Helping Family Members Cash Flow a Bad Situation

4 Replies

A friend of mine has a tough situation they are facing. Two elderly relatives (a couple) are having serious health issues. They have effectively no assets except for a paid off house (worth around $300K in Illinois). 

My friend has helped them create a budget, and with their existing cash position, income sources, and net spend (including $180/day assisted living) they have about three months of runway left. 

They've listed their house on the market, but the worry is that they may run out of cash before they can sell the place. To solve that, there are two options:

1) They take out a HELOC or other asset-based loan on the property. This has proven difficult, and they've been denied due to a lack of income.

2) My friend has the means to put in place a mortgage on the property personally. For example, a $25,000 - $50,000 lien at 0% interest. While this is very doable, there is fear that the borrower's heirs may have difficulty understanding down the line why there is a lien against the only major asset they are likely to inherit. There's also just an understandable little bit of a tendency towards, where possible, trying to avoid mixing family/money.

The preference here is for option 1 - does anyone have any recommendations for lenders that can do that?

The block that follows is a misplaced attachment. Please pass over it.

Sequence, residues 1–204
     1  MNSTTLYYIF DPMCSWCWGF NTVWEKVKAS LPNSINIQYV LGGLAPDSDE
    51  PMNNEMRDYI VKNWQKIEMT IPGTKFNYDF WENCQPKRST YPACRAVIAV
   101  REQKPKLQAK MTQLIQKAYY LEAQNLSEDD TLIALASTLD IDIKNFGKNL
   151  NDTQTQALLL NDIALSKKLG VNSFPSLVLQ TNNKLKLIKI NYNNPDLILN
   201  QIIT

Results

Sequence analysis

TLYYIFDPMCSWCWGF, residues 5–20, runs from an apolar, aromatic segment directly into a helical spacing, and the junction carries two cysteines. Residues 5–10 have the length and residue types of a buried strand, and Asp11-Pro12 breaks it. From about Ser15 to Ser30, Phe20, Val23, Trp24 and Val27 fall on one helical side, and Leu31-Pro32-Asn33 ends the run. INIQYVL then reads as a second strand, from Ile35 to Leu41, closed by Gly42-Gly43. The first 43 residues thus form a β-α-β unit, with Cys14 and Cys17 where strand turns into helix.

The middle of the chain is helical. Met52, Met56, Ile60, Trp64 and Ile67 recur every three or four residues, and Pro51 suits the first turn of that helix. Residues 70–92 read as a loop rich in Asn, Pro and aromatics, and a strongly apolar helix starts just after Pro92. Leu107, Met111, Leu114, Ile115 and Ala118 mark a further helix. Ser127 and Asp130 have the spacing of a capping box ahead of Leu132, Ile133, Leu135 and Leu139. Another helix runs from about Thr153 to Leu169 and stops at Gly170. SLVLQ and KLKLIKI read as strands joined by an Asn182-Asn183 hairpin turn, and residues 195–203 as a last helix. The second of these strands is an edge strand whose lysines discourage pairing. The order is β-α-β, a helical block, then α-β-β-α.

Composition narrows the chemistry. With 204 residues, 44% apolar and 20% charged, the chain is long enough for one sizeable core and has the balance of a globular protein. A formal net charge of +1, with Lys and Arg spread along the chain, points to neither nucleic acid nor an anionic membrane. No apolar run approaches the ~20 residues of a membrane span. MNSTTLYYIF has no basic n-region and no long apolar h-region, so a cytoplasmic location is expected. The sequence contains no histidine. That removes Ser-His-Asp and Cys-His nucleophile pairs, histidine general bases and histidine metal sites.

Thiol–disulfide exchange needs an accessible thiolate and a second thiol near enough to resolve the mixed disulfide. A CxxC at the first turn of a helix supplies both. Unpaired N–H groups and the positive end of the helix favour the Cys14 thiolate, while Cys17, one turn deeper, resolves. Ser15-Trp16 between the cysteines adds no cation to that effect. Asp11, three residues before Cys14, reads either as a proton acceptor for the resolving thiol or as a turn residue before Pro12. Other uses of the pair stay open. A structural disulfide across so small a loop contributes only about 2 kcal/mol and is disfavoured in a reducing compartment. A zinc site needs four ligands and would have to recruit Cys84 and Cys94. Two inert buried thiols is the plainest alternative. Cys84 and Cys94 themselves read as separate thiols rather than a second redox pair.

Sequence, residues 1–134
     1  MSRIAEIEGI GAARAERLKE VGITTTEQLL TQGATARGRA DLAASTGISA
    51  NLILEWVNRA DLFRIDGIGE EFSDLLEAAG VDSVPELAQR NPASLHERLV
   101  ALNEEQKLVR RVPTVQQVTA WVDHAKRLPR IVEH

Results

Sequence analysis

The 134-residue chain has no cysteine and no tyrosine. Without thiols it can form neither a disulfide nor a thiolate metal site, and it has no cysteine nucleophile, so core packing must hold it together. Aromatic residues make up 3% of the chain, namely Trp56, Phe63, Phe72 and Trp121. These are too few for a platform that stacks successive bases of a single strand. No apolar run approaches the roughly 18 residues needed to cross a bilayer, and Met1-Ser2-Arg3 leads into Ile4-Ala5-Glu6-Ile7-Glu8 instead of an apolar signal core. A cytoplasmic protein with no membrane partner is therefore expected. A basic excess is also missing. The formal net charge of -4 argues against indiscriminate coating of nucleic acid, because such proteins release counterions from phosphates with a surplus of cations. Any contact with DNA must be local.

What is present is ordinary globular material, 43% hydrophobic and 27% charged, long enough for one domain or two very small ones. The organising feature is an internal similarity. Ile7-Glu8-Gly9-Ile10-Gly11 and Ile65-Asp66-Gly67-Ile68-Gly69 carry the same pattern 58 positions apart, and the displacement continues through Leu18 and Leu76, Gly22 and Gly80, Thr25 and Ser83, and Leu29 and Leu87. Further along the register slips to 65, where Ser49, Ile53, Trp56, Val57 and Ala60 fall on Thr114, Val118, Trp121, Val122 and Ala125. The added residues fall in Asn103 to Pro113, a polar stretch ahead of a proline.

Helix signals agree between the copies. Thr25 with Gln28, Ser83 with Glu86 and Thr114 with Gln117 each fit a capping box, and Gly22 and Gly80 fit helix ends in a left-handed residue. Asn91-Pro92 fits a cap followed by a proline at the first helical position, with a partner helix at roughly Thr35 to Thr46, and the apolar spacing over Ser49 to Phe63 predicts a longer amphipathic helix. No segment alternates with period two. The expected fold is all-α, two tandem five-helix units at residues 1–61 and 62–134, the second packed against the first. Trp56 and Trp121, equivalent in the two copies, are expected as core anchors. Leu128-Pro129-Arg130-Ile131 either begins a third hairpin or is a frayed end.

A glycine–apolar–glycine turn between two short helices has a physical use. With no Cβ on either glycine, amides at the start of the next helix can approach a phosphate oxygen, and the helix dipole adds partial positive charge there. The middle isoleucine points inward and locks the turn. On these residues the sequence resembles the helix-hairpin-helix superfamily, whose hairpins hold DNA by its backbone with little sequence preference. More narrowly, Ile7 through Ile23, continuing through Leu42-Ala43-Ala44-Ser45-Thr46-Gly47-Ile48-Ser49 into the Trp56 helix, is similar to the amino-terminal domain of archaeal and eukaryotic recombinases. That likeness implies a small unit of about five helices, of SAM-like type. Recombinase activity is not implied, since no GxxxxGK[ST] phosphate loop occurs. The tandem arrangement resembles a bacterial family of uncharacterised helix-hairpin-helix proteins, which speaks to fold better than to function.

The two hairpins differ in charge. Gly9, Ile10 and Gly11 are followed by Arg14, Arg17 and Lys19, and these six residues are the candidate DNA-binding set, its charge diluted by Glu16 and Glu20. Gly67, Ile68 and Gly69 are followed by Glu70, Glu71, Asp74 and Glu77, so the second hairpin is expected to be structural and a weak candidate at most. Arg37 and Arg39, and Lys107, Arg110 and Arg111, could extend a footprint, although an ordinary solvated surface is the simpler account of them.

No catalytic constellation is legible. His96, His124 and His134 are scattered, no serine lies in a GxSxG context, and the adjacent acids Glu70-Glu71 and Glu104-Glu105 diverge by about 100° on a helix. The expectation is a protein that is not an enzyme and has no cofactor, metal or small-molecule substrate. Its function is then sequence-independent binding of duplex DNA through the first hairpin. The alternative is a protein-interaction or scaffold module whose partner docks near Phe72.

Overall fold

If option 1 is impractical, does anyone have any tips for option 2 to help make sure that all ducks are in a row (perhaps Illinois real estate attorney recommendations, tips for ensuring that the lien is properly recorded to ensure ultimate repayment, etc.)?

Just to set the tone, this is my friend's family, and leaving them out to fend for themselves is not an option being considered. 


They won't qualify for any traditional financing because of lack of income.

A reverse mortgage may be available.

Tread carefully with solution #2.  Consult with an attorney who specializes in Elder law if that's the route they want to explore.

Originally posted by @Ellis San Jose :

They won't qualify for any traditional financing because of lack of income.

A reverse mortgage may be available.

Tread carefully with solution #2.  Consult with an attorney who specializes in Elder law if that's the route they want to explore.

Good feedback! I had not considered Elder Law. Thank you!

 

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